XMi's Mike Shmerling offers a venture-breeding concept that could spawn companies deeply rooted in Nashville
Mike Shmerling, CEO and chairman of Xebec Management Inc., told VNC recently that when it comes to breeding new businesses and then keeping them here in Nashville, "entrepreneurs are more important to the city than anything else."
"We need businesses starting here that create great opportunities, real career paths for people – not just menial jobs," an energized Shmerling continued.
Shmerling not only posed a challenge that's often on local executives' minds, he also provided an answer: Launch a corporate venture initiative that might be unique to Nashville, at least until copied elsewhere.
"Why doesn't someone go to our public companies and do a deal?" Shmerling asked. He laid it out: Executives and workers at every corporate level often generate a huge number of ideas, typically leveraging the company's market knowledge and other assets.
The very biggest ideas may get internal corporate support, he said, "but because they [management] don't want to take a hit to capital...'Idea 67' never gets hit," and a developable opportunity lies fallow, in order to avoid the risk of weakening shareholder value.
Shmerling's solution, using Louisana Pacific as an example only: "Go to someone like LP and tell them they can keep 60 percent of the new business," with the balance of ownership being placed into the hands of private-equity investors and a management team of students pursuing MBA degrees at local universities.
The corporation obtains an interest with no risk to the quarterly earnings that are watched so closely by investors and analysts.
The investors get access to a vetted business idea with support from a corporate sponsor that has the kind of deep industry knowledge that startups can only dream of obtaining on their own.
Through it all, MBA students would get a unique education under near-startup conditions, as well as a good chance of securing challenging careers before they complete their studies.
More important, said Shmerling: When a venture succeeds, "that company will never leave Nashville. Why? Because the mother ship is here."
Germain Böer (left), director of the Owen Entrepreneurship Center at Vanderbilt's Owen Graduate School of Management, said he believes Shmerling's concept is strong. Böer said one scenario for implementing the program would be for an entrepreneur or retired executive to mentor MBA students during their first year of studies, then students would set about raising capital in their second year, prior to graduating.
Böer also noted the concept is reminiscent of the "Search Funds" pioneered at the Stanford University Graduate School of Business. In the Search Fund approach, investors pool money to enable an entrepreneur to acquire an established business.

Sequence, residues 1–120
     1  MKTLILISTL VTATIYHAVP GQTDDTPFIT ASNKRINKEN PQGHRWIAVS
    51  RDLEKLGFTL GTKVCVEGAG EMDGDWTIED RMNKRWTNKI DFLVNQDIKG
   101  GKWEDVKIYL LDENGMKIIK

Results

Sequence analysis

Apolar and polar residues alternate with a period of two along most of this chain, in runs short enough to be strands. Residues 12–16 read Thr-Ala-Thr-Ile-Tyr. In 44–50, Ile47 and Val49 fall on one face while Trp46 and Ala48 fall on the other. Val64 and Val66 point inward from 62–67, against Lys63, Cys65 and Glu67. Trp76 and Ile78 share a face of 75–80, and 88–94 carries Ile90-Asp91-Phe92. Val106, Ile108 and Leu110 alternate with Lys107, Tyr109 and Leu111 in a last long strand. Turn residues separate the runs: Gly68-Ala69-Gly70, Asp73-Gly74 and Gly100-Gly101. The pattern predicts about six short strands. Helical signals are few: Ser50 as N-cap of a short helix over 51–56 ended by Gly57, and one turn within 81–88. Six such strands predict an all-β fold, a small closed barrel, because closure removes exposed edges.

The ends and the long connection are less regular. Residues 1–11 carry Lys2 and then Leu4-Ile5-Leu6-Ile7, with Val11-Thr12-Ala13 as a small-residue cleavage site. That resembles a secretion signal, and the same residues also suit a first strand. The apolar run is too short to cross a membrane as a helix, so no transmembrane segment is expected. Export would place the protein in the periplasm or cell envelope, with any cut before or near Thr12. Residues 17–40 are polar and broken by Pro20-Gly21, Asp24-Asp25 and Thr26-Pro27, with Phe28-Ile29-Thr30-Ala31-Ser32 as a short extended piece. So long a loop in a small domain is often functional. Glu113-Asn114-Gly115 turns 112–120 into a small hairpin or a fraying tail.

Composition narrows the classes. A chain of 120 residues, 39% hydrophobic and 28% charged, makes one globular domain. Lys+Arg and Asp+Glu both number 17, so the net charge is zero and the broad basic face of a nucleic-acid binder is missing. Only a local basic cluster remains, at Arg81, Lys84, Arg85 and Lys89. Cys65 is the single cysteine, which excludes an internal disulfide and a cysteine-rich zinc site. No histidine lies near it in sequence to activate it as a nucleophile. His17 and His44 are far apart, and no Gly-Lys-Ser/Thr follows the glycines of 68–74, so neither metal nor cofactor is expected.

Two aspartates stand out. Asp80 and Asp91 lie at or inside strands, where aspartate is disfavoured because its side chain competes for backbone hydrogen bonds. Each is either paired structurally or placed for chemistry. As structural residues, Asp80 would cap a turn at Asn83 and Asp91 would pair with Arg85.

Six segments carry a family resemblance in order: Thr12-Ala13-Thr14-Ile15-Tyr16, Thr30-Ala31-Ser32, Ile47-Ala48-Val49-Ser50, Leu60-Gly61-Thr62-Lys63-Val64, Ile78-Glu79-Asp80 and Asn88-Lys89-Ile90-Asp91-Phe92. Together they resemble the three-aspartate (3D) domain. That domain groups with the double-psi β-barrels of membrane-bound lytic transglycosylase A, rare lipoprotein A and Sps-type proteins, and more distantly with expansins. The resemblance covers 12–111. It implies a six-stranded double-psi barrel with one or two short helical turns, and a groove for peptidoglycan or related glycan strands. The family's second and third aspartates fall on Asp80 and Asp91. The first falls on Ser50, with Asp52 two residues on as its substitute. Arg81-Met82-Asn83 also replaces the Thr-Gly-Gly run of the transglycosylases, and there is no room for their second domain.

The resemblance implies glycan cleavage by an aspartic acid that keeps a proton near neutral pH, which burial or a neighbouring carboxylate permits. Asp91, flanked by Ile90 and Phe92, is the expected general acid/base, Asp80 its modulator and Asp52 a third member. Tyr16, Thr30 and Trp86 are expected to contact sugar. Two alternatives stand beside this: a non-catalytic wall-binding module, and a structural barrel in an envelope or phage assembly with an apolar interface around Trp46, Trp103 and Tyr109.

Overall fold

Böer colleague Bruce Lynskey agreed "there are plenty of great ideas that are trapped or housed inside bigger companies" and the challenge is often that of "effectively extracting them and also allowing them the independence that they need." Lynskey added that most MBA students are not inclined to undertake pure startups, so a hybrid approach would give them valuable experience.
Reached yesterday for comment on the proposal, Belmont University's Jeff Cornwall (right) said, "I think anything we can do to give our students experiential learning opportunities is a good thing." He said it is his impression similar ideas are percolating on campuses elsewhere.
Over the years, Shmerling and the executives he's picked to lead companies he controls have demonstrated creative moves of their own. Diversity Brands LLC, for example, recently licensed from CBS Consumer Products rights to leverage the legacy of "The Andy Griffith Show" to brand "Mayberry's Finest" food line.
Shmerling is CEO and chairman of Xebec Management, Inc. (XMi) and XMi Commercial Real Estate. He is chairman of Choice Food Group, HealthConnect America, SelectAir and XMi Financial Services. He's also a member of the board of HealthStream and is a former senior advisor to Kroll, Inc.
Shmerling currently co-chairs the Entrepreneur Project with HealthStream CEO Bobby Frist. That group is due to report in October its recommendations for improving Nashville's entrepreneurial culture and infrastructure.
Shmerling sold Background America to Kroll Inc., which is now owned by Marsh & McLennan Cos. Prior to the background-check industry, Shmerling launched Transcor, which transported prisoners and was acquired in 1994 by Corrections Corporation of America. ♦